Lucas, Kelly L. , Carter, Gregory A. .
The Use of Hyperspectral Remote Sensing to Evaluate Plant Species Richness on Horn Island, Mississippi.
Mississippi barrier islands are protected from development but remain vulnerable to pollution, species invasions and potential influences of climate change on the marine environment. These influences may alter barrier island landscapes, water quality and ecosystem processes, and may substantially impact biodiversity. At local to global scales, remote sensing is increasingly important in providing rapid assessments of biodiversity owing in part to difficulties involved in ground sampling. The goal of this study is to evaluate potential relationships of hyperspectral remote sensing data with vascular plant species richness, defined as the number of unique species in a given area, on Horn Island, Mississippi. A 126 band data set acquired in October 2003 by a Hymap imaging spectroradiometer provided coverage of the island throughout the 450-2500 nm spectrum at a ground sample distance (pixel size) of 3 m. Image data were calibrated to percentage reflectance using a radiative transfer model and known spectral reflectances of ground features. To correspond with the image data, plant species richness was sampled for 100, 15-m line transects that were located randomly from the georeferenced imagery. Linear regressions were used to evaluate the relationships of terrain spectral properties with species richness per transect. The hypothesis that significant relationships of terrain spectral features with richness would be explained by degree of bare soil exposure was tested, exclusive of beach areas. This was not supported (p= 0.05) by combined data representing all island habitats including dunes, marshes, meadows, woodlands, and transition areas. However, the hypothesis was supported when relic dunes and meadows were considered separately. In these cases, band ratios within the near infrared spectrum correlated strongly with richness and soil exposure (r-square = 0.43 and 0.78, respectively). Continuing research will evaluate additional procedures in assessing species richness via remote sensing and include a comparison of results among islands.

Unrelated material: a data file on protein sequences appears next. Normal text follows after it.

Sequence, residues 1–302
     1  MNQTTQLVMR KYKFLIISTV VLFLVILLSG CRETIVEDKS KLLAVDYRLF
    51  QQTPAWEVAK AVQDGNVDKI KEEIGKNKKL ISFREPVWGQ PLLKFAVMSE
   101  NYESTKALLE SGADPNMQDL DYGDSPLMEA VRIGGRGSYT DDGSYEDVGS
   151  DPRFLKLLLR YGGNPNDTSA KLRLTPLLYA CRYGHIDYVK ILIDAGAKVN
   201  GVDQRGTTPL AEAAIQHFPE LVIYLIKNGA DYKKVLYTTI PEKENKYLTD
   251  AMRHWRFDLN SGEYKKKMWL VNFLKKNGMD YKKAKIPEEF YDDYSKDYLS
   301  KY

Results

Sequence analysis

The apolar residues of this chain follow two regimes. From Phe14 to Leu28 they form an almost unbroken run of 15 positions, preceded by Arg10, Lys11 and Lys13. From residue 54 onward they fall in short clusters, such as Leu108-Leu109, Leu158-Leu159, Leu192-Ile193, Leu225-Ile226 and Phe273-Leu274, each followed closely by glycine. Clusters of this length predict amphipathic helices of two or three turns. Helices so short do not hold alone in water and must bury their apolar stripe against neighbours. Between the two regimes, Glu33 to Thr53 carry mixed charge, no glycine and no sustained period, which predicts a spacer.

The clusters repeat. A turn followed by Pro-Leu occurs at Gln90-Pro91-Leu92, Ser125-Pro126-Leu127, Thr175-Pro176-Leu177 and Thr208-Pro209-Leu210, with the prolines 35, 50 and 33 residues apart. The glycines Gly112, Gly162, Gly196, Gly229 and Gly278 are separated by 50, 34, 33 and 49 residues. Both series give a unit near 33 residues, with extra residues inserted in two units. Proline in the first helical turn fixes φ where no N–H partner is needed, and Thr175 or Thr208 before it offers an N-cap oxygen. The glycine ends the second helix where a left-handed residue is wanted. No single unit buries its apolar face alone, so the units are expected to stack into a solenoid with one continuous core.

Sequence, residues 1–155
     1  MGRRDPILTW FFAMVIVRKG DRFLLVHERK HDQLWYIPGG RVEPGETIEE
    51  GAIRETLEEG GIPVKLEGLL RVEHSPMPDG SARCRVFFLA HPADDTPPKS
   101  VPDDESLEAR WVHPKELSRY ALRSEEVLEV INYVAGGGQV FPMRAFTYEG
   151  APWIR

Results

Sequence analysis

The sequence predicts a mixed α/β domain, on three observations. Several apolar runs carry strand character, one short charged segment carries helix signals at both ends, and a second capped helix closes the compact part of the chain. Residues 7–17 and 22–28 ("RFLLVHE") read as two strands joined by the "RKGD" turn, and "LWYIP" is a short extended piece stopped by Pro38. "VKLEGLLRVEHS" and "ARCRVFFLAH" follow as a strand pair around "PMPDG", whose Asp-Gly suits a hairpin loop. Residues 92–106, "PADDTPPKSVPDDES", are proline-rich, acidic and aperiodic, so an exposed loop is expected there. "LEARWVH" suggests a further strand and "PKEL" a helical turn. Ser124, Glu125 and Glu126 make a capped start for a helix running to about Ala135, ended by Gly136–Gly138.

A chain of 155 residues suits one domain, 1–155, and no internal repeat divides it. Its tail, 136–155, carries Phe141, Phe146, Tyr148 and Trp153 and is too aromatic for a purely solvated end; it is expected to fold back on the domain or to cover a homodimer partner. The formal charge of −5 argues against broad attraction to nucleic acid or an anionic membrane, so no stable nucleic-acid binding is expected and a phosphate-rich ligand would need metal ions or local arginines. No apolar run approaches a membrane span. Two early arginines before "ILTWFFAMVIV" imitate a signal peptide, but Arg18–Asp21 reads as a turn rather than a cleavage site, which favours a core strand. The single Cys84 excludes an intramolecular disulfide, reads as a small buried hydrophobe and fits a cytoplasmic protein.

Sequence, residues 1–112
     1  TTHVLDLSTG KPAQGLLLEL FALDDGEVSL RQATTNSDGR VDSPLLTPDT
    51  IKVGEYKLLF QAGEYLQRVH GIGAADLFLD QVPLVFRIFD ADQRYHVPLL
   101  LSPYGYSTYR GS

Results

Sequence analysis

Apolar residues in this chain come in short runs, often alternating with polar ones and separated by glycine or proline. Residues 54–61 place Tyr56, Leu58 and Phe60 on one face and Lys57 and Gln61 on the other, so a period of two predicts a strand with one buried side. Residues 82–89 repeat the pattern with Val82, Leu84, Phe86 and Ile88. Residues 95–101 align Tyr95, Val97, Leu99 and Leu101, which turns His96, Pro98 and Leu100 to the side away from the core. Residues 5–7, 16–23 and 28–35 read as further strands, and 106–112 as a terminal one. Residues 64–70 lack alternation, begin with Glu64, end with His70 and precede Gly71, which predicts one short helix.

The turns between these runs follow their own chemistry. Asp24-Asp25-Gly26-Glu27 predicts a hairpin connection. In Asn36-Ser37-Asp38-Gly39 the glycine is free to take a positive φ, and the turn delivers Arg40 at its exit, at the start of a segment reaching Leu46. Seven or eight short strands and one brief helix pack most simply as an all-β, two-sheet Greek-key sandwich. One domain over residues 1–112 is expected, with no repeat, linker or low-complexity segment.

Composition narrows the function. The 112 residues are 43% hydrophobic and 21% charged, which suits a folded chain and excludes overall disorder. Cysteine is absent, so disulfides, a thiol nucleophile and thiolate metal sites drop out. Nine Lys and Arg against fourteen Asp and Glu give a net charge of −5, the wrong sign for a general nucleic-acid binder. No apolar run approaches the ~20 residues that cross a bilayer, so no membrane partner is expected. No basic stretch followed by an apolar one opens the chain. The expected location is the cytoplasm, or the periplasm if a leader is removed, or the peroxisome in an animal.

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1 - United States Department of Agriculture, Forest Service, 1700 Bypass Road, Winchester, Kentucky, 40391, USA
2 - University of Southern Mississippi, Gulf Coast Geospatial Center and Department of Coastal Sciences, 703 E. Beach Drive, P.O. Box 7000, Ocean Springs, Mississippi, 39564, USA
Presentation Type: Oral Paper
Location: Salon F - Austin Grand Ballroom/Hilton
Date: Wednesday, August 17th, 2005
Time: 10:45 AM